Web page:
So I did that whole riff on identity, which yeah, but I think I’m going to go somewhere else this time. Let’s try democracy, because now I’m kind of in this place that makes my little social science-y heart go pitter-pat.

(What can I say? The theory, it infects! Read a bunch and then play spot-the-philospher with the Matrix! As a drinking game!)


(I promise this will end with an upbeat video clip. Until then, bear with me.)

Police arrested a man today who allegedly strangled the life out of Annie Le.

“Police said it was a case of workplace violence, but didn’t elaborate.”

Annie Le was a smart 24-year-old woman who stood 4’11″ and weighed 90 pounds and was, by all accounts, a good person, a good friend, a graduate student with a bright future ahead of her.

Raymond Clark III is a 24-year-old lab technician with a history of controlling behavior towards women that went back as far as high school and sent emails to Le criticizing her behavior.

I’m not going to apologize for saying the following: to call this murder an incident of workplace violence is a fucking disgrace.

This is not about issues in the workplace, and calling it that masks the real problem here.

We, as a society, have not dealt with our members who cannot control their outrage that young, pretty women with bright futures ahead of them threaten their supremely screwed-up notions of masculinity.

Annie Le didn’t get killed because she didn’t take care of mice properly. She got killed because an (allegedly) emotionally-stunted man couldn’t handle working for or with a woman smarter than he was, even though she seemed to be really nice about it.

But it shouldn’t have mattered if she was a complete raving harpy. She was a smart, pretty woman with a bright future who was murdered precisely because she was a smart, pretty woman with a bright future ahead of her.

That’s really fucked up.

It’s insulting to cast this as workplace violence. Doing so obscures an issue that we, as a civil society, have chosen not to deal with.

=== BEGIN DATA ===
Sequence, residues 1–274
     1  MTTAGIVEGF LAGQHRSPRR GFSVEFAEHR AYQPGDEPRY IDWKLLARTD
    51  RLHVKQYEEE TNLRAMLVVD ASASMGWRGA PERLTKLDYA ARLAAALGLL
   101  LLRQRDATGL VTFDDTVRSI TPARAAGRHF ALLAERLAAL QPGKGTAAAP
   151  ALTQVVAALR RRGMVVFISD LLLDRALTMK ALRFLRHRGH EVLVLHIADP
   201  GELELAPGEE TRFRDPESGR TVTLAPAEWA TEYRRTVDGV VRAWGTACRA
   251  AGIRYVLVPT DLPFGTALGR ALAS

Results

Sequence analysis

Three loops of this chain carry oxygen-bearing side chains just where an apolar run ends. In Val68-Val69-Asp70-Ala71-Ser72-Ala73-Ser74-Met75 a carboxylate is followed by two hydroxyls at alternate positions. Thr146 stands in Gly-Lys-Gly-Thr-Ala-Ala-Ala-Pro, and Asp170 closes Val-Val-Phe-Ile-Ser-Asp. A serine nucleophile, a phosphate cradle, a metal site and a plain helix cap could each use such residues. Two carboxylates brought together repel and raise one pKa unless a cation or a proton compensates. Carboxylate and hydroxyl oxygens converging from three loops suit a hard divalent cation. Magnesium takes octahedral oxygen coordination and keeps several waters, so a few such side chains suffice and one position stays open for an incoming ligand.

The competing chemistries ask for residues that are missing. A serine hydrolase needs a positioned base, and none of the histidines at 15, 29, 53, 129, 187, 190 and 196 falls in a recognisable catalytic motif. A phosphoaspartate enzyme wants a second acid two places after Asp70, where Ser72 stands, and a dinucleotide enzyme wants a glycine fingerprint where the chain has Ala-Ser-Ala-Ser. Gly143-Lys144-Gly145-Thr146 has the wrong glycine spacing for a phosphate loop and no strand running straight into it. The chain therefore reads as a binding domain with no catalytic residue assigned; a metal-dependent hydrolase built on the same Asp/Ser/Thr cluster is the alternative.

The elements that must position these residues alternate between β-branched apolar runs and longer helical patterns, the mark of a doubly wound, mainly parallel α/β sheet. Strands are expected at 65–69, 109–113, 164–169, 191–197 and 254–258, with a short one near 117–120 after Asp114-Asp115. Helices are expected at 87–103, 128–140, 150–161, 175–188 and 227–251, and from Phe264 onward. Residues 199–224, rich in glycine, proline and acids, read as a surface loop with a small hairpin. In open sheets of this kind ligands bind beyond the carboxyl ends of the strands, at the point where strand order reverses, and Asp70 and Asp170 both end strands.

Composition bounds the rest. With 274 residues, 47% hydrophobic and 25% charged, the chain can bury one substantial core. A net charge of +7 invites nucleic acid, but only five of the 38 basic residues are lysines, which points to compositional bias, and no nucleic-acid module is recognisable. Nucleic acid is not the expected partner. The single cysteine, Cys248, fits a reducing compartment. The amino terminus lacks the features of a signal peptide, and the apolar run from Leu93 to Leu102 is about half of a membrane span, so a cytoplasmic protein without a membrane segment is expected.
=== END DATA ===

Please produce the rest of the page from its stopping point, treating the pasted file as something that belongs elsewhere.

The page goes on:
And now, for The Kanye Incident (latest version).

Kanye acts like a jackass, frequently. Even the President knows this.

But here’s what’s really going on within all this outrage about him taking a big ‘ol dump all over Taylor Swift’s moment in the bright shiny spotlight of MTV.

We see an angry, older, bigger man (and I’m not even going to bring race into this, although one easily could) take away a young, pretty, successful woman’s chance to enjoy the results of her hard work.

Taylor Swift — who yes, is young and was scared and probably lives in a world where this sort of thing doesn’t happen, which I’m sorry to say is not the real world — should think about the following next time some asshole like Kanye tries to stomp on her:

“I have sold 10 million records. I have sold 20 million singles. I am a successful artist and a brand and a role model. And I will open my mouth and say that, out loud, right now.”

And I’m not blaming the victim here, because she’s young and scared and works in an industry that sexualizes women for their agency or for their lack of agency.

But you know what? We allow this to continue. We allow young, bright, pretty women to be stomped all over, physically and metaphorically, simply because they are young, bright, pretty women.

I’m not saying “we” as in women. I’m saying “we” as in all thinking, productive members of a civil society. Male, female and in between.

We allow a few assholes to define a debate we’re not even having. And we allow a few assholes to look at 52 fucking percent of the population as people who should be controlled. Who should not use the brains God gave them simply because He also gave them a uterus.

We talk about Mad Men like it’s some kind of social commentary on How We Know Better Now instead of Gee, Doesn’t That Look Good. We call the really screwed-up, nastily stereotypical thugs on The Sopranos masterful characters that Really Say Something About The Human Condition.

Both shows racked up awards by the handfuls. So has Kanye.

Which means we’re all guilty. Collectively. Because we can’t have a productive debate about this when we personalize it, and that’s what ends up happening.

This is not about me and who I am, what I do or do not do. This is not about you, who you are, and what you do or do not do.

This is about the basic human right of HALF THIS SOCIETY to live their lives without fear. To lead productive, successful lives as they see fit without question.

And now I will leave you with something I think is a really wicked little piece of social satire: